"Yep, Boney, old boy," he said, "This won't do; we'd better stop and rescue the fair maiden."
Chris stopped at the brow of the hill, knowing that he was only a few miles from Johnson's. He waited for her and saw her coming. Then, grabbing his slicker and an umbrella, he got out.
She stopped and it was then that he realized that she was crying.
"Sorry," she said right away.
"No," he said, "This won't do! Not at all! Boney and I insist that you take a ride from us!"
"Boney?" she said, the tears still streaming down her cheeks.
He pointed to the passenger seat, where the black and white, shaggy dog was looking, tongue out and kind of grinning. It gave Janice a short but fleeting smile.
"Yes," she said, "Even if you're a white slaver!"
Chris laughed and said: "Wrong side of the law! I'm a cop: Chris Logan, sergeant Chris Logan! And you already know Boney!"
"Boney?" she asked.
"Fascinated by Napoleon and a history buff," he explained. "But let's get you inside and dried off. Leave your bike here," he went on. "I'll show you where to get yourself righted. You have dry clothes?"
"Don't think so," Janice said, beginning to sob again.
"No problem," Chris said, "I have stuff for you. Let me show you."
He took her into the Rialta. She stood in the doorway, petting an insistent Boney and said: "Oh, this is so nice! But I'm getting everything all wet."
"Don't worry," Chris said, "There's carpet on the floor and it'll dry just fine."
He went to a drawer that had his clothes and fetched out for her a pair of running pants, and a sports jersey.
"There's a curtain that is rigged up front," he said, "I'll pull the curtain and the side window curtains to give you privacy to change."
"Thank you," she said, softly. "If I weren't so wet, sergeant, I'd give you a hug!"
"I'll take a wet hug any day!" he said, with a kind of joy in his voice.
She hugged him then and shook with her sobbing.
"It all turned so crappy in such a hurry," she said into his shoulder, "With this storm."
"Yes, it's going to get a bit worse," he said. "We're headed for Johnson's Grove; it's only a few miles further on and has electric hookups. And I don't think there'll be anyone there just now. We'll stay there, if you don't mind!"
"Mind?" she snorted, "I was going to put up a wet tent and get into a wet sleeping bag! And here you've rescued me!"
He noticed that she was shaking then.
"Okay," he said, "I'll hitch up your bike. Tell me when you're changed and ready, okay?"
"Yes, thank you," she said, her teeth chattering.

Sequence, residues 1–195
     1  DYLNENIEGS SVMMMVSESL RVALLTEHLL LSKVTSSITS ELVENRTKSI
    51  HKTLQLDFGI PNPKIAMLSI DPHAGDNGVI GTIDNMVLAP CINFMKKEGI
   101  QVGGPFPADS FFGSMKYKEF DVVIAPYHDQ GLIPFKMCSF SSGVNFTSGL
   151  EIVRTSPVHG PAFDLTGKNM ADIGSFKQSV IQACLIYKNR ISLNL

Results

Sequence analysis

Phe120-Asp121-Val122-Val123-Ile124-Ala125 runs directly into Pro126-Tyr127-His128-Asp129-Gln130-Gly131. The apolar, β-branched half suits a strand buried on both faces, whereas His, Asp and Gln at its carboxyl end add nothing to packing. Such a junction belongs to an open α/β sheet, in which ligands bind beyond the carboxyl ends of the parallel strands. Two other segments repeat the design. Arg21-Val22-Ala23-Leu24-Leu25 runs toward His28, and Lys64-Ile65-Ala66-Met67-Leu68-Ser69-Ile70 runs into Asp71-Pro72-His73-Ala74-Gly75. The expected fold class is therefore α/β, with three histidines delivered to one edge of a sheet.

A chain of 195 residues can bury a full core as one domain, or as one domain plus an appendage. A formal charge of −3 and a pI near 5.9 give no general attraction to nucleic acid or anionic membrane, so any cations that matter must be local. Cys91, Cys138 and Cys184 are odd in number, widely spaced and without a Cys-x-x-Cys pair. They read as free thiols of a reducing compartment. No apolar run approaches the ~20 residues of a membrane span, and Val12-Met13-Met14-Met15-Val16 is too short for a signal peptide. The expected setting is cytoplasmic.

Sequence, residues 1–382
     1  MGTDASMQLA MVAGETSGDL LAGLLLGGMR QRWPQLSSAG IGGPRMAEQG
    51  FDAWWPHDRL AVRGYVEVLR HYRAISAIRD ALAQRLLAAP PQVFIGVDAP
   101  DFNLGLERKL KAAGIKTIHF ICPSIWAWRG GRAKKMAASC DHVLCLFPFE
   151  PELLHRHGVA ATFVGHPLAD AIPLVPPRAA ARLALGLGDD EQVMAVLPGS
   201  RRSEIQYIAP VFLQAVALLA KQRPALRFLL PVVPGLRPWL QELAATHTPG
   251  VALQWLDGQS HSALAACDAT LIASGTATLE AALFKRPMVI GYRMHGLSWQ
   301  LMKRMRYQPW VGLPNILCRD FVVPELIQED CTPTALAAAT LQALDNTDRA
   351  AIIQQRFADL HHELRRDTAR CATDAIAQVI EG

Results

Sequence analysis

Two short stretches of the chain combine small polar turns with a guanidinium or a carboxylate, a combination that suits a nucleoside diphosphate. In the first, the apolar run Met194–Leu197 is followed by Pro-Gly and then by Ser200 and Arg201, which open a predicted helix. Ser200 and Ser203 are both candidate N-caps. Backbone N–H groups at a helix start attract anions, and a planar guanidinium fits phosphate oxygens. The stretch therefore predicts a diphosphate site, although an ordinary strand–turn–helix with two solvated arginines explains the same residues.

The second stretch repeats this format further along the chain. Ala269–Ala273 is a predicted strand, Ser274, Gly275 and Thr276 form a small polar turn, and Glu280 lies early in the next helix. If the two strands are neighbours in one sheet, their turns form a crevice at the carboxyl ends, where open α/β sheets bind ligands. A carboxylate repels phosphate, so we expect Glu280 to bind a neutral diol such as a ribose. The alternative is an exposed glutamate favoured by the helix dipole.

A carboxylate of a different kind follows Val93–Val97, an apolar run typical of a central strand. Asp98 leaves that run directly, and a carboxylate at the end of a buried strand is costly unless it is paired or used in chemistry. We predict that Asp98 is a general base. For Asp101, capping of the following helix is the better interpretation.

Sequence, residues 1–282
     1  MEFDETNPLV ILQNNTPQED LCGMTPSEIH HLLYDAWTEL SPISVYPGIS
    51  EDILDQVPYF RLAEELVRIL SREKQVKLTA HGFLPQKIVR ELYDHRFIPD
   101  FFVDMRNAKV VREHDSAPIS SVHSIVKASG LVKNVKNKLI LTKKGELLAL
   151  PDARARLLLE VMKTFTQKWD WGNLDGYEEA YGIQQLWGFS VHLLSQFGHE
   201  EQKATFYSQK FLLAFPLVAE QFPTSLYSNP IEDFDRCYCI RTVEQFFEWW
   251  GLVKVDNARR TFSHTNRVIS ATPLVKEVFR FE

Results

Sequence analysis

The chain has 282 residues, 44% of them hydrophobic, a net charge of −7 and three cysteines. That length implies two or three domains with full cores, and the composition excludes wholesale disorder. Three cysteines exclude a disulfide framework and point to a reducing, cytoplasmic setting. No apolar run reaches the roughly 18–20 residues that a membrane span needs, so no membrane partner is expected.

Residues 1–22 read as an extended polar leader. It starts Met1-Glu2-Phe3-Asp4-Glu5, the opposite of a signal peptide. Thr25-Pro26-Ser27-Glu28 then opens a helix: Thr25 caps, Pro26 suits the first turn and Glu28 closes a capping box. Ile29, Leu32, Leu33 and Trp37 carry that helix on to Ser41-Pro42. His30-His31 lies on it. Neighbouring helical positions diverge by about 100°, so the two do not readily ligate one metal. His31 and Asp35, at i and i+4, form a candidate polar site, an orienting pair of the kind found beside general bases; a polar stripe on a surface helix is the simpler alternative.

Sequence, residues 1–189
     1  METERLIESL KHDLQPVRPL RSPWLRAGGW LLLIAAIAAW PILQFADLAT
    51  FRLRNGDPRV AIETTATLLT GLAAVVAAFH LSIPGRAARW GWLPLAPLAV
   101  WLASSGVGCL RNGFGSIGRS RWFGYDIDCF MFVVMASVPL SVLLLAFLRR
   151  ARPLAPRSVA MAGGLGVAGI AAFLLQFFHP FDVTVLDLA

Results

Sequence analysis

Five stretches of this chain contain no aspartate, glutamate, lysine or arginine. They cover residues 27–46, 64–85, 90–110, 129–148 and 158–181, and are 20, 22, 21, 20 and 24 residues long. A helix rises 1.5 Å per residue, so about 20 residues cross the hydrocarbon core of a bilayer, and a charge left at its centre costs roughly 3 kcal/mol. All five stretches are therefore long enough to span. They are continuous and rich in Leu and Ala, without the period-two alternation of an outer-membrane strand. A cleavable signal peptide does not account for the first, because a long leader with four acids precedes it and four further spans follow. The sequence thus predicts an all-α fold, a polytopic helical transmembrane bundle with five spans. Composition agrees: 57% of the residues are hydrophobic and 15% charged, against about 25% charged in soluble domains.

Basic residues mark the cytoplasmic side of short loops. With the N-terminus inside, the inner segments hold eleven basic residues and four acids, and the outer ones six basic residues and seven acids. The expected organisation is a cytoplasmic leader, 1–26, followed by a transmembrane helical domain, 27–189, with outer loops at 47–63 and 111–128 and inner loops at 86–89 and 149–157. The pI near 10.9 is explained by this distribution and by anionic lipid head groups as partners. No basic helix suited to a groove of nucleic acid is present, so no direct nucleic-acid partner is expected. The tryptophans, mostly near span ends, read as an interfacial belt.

He fetched a blanket for her and gave it to her.
"Into dry clothes quickly and wrap in the blanket. I can make us some coffee or tea then."
"Good, thank you," she responded.
"Oh, and in that top drawer," he indicated which drawer that he was talking about, "There are shorts. Pick out whatever you need."
She smiled and barely suppressed a giggle then. She was feeling better already.
"You might have to put up with the voyeur dog though," Chris said.
She giggled and said: "Boney's welcome."
"Well," Chris said with a grin, "Smile into his collar. It's the camera!"
"Sergeant!" she said in a severe voice.
"Sorry!" he said with a grin. "I'm going out now to fix up your bike. I'll be in the front seats, when you're all ready."
"Thanks!" she said.
Take care of her, Boney!" he said, and got a barking reply from the shaggy dog.
He went out then, after pulling the curtain across the front and the curtains on the windows.
Janice sighed, as she gratefully climbed out of her very wet clothes. There was a laundry basket there and she put her bicycle clothes into the basket.
Boney sat and simply watched her, and when she looked at him, he wagged his tail and beat his tail on the floor.
When she had her clothes off totally, a thought crossed her mind and she looked at Boney's collar, remembering what Chris had said, and she waved, giggling as she did it.
She picked out a pair of purple, nylon shorts that were cut for a man but looked like they'd fit her. She was still shivering a bit but felt better already, once she put on the running pants and the jersey.
She also then wrapped the blanket around her shoulders and sighed, feeling much, much warmer.
She began then, for the first time, to look around at the ambience of the RV.